Inhomogeneous spherical configurations of inflated membranes
Beyond Numeracy Bite-sized essays on fractals, game-theory, countability, convergence and much more. It is a sequel to his equally entertaining, but less technical, Numeracy. Each left hand page has a largely non-mathematical description of one of the great results in mathematics and each right hand page has a relevant illustration.
There is just enough mathematical detail to allow you to understand the result and pursue it if you fancy it , via google. The book is beautifully produced. It is recommended as preparation for any undergraduate mathematics course, even for students who do not plan to take the Sixth Term Examination Paper STEP- the examination normally used as a basis for conditional offers to Cambridge. They are more like the sort of problems that you encounter in a university mathematics course, although they are based on the syllabuses of school mathematics.
Working through one or both of these booklets would be an excellent way of getting your mathematics up to speed again after the summer break. You must also see the associated BBC Horizon documentary if you get the chance. Logical Labyrinths This book is a fun and engaging collection of logical puzzles, combined with a rigorous mathematical introduction to logic.
Mathematics Masterclasses for Young People
The carefully graded and entertaining progression leads you to the more formal logical reasoning through a journey that is always challenging enough but manageable and rewarding. Topics discussed include solving the quintic, colouring, knots, infinitesimals, computability and chaos. In the preface, it is guaranteed that the very least you will get from the book is the understanding that mathematical research is not just a matter of inventing new numbers; what you will in fact get is an idea of what real mathematics is. Stewart, Ian Game, Set and Math Stewart is one of the best current writers of mathematics recreational or otherwise.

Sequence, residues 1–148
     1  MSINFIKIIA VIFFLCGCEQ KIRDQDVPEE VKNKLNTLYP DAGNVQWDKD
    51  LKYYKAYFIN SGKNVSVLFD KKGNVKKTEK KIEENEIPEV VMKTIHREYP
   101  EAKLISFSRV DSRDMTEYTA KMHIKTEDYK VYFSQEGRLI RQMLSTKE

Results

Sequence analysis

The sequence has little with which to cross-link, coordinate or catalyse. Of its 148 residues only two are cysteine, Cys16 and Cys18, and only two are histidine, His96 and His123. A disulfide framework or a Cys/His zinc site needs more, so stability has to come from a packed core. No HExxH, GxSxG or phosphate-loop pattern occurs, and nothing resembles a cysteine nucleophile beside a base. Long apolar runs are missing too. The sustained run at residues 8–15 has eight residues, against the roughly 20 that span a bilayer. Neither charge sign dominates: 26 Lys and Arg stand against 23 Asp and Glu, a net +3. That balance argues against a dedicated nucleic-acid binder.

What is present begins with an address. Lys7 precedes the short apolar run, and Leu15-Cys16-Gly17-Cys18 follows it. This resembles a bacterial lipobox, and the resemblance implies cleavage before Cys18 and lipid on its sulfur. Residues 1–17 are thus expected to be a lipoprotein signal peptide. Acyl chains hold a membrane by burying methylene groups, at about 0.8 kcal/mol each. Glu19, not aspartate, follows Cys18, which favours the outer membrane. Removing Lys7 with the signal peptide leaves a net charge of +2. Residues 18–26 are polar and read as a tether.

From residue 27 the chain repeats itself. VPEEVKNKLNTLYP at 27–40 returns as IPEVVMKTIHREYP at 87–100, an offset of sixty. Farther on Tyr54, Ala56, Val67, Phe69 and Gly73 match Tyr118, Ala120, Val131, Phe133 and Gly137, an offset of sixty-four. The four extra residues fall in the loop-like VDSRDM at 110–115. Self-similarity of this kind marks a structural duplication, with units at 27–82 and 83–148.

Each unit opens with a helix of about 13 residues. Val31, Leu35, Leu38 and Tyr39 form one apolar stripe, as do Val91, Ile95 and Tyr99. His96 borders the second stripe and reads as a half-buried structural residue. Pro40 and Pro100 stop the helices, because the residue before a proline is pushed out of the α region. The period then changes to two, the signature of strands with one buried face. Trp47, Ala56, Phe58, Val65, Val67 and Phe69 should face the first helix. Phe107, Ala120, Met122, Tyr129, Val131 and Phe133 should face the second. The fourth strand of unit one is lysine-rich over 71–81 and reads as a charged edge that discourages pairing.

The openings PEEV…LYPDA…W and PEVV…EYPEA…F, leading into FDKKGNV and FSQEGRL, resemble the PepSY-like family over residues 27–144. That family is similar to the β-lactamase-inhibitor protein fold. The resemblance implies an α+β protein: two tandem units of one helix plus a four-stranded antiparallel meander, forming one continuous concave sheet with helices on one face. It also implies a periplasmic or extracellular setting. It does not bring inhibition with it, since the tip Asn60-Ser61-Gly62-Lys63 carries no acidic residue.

This collection which includes a calculation which shows why you need only be marginally the better player to win a tennis match whence the title was originally written in French: some of the puns seem to have suffered in translation, but the joie de vivre shines through. Penguin, Excellent writing again but, unlike the chaos books mentioned below, no colour pictures. The title is a quotation from Einstein, who believed probably incorrectly that the answer was no; he thought that theories of physics should be deterministic, unlike quantum mechanics which is probabilistic.
There are easy problems as well as hard problems and good insights throughout. The problems are mainly geometric and algebraic, including number theory no calculus. The numbers are listed in order of magnitude with historical and mathematical information. It is an upper bound for a quantity in Ramsey theory whose actual value is believed to be about 6. A book for the bathroom to be dipped into at leisure. Before we start, let me get one thing out of the way — you will only get so far without showing your working.
Nevertheless, even a seasoned Maths student needs some calculator skills from time to time. As Will Davies rightly pointed out on my earlier post: I use it for time, but this button is actually to convert angles into degrees, minutes and seconds ie fractions of degrees — 60ths and ths.